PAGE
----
On top of this his family was very poor. He was introduced to astronomy early and developed a love for it. He had observed a few astronomical events at an early age, which surely contributed to his love for it. He naturally understood mathematics very well starting at a young age and impressed many people with his mathematical abilities. For example, “he often impressed travelers at his grandfather's inn with his phenomenal mathematical faculty” (Johannes kepler: Early Years, n.d.).
By the time he was seven, George was deeply in love with mathematics, and used to be lost in the world of mathematics. He acquired a reputation as a child genius, and one day, he was found spelling difficult words for people’s amusement after going missing from school. George was from a poor family, and his parents could not afford to pay fees for grammar school, so the child genius ended up going to a small school called Mr. Bainbridge’s Academy. He made fast progress in studies, and was soon assisting teachers in teaching and grading. His exploits weren’t limited to just math and science either; he loved to read and learn, and was very well read in a lot of subjects.
Janos proved to be a sponge soaking up every bit of knowledge given to him. Farkas Bolyai was a student of mathematical genius Carl Friedrich Gauss, a German mathematician who had made many mathematical discoveries. He tried to persuade Gauss to take Janos and give him the education that Farkas himself had gotten, but Gauss turned him down. This didn’t slow down Janos in his education. He had an amazing learning ability and was able to comprehend complex mathematics at a young age as well as quickly learning new languages.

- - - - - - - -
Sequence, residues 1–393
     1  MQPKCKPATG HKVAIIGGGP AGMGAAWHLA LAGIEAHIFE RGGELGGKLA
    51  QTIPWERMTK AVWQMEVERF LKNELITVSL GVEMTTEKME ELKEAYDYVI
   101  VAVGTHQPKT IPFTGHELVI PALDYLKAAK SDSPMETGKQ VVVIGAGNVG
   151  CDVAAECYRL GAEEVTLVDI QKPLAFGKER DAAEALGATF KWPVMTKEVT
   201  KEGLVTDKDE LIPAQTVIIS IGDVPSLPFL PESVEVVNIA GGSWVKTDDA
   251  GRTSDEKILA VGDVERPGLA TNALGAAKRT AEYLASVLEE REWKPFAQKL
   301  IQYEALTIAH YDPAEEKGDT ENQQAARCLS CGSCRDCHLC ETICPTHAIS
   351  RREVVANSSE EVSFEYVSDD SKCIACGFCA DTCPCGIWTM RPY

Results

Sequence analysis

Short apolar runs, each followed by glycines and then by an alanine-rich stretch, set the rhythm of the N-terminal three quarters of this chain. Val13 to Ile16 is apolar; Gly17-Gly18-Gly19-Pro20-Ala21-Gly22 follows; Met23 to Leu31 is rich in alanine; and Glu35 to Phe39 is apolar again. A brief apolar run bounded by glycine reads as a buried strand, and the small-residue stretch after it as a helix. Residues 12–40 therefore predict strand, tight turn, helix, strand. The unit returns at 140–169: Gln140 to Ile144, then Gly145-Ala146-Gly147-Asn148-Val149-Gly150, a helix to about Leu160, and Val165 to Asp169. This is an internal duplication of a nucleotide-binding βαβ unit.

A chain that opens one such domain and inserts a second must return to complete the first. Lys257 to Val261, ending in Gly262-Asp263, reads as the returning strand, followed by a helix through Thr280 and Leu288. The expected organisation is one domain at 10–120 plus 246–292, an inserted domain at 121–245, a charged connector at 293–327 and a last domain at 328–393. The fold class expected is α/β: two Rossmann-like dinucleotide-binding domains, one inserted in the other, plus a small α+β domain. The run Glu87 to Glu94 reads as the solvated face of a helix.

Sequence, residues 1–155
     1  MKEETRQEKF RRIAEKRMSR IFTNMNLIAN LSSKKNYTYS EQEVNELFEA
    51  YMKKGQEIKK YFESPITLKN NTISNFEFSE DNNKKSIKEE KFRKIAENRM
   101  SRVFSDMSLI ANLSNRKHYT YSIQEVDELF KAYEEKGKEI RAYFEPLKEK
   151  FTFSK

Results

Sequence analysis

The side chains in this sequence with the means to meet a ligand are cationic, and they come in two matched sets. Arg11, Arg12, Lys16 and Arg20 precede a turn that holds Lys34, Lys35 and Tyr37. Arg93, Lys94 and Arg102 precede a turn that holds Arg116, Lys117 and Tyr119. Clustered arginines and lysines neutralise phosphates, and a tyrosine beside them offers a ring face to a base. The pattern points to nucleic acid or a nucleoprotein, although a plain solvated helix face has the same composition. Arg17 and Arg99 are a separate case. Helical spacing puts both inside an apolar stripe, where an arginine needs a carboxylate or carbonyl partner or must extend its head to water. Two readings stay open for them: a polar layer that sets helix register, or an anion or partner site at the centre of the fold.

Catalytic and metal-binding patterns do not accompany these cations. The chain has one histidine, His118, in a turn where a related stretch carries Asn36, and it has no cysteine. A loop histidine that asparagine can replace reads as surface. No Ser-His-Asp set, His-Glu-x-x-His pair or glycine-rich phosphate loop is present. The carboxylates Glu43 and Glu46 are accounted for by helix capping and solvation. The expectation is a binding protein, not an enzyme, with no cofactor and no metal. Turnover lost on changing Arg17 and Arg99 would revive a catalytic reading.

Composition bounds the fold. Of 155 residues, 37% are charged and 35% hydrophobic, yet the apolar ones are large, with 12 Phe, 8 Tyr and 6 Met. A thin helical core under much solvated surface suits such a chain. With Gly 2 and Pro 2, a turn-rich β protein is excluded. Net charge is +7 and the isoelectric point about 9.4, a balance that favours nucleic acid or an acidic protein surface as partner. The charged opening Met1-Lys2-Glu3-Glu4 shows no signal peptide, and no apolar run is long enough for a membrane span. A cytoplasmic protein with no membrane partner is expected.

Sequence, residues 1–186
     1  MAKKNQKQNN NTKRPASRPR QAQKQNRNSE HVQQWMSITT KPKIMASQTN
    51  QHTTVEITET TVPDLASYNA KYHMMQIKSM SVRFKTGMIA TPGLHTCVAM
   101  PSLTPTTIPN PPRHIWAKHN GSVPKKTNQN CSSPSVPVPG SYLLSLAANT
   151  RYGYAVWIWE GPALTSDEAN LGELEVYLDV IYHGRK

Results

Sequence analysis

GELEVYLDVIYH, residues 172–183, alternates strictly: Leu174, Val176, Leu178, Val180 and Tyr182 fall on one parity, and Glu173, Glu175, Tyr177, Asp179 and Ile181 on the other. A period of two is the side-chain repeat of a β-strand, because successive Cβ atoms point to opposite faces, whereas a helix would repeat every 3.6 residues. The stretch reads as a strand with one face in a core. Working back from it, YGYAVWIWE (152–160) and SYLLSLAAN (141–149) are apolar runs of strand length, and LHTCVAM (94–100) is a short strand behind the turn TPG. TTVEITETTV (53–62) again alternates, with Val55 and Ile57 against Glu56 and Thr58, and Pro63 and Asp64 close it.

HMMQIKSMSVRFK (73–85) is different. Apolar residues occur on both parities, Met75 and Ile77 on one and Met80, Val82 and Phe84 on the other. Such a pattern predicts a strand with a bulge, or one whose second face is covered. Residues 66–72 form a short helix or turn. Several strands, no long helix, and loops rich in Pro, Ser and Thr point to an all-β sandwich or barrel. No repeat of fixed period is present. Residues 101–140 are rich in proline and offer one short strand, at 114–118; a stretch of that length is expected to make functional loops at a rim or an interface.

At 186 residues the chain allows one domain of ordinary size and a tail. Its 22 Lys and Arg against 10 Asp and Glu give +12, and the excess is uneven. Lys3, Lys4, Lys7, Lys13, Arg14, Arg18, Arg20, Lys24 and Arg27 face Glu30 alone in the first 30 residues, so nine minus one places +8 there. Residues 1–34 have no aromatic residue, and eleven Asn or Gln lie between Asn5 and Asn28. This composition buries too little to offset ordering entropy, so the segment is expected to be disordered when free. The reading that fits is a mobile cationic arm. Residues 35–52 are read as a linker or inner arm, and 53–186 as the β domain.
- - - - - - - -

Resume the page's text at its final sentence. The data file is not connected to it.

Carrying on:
From a very young age he had interests in mathematics and analytical geometry. Descartes’s contributions to modern day society were affected by his young adulthood, soon he created mathematical and scientific ideas, and lastly philosophical ideas. DesCartes soon enrolled in the Dutch military for a short period of time yet he did not refrain himself from educating himself in even these busy times. He still studied mathematics and science whenever he got the chance to do so. He soon left the Dutch army and enlisted in a catholic army led by Duke Maximilian of Bavaria on behalf of the Holy Roman Emperor.
He did, however excel in mathematics, but for that matter, it was only that subject which was of primary concern to him. Everything else seemed unimportant and therefore did not appeal to his attention. He was definitely a good student, but inconsistent for the most point, and he “often had to make up for poor classwork by getting high marks on exams held at the end of the semester” (Henderson, 90). Nevertheless, he went on to college – King’s College of Cambridge University in 1931, and then later to Princeton University from 1936 to 1938. The era of his college years was also in interesting period in the realm of mathematics.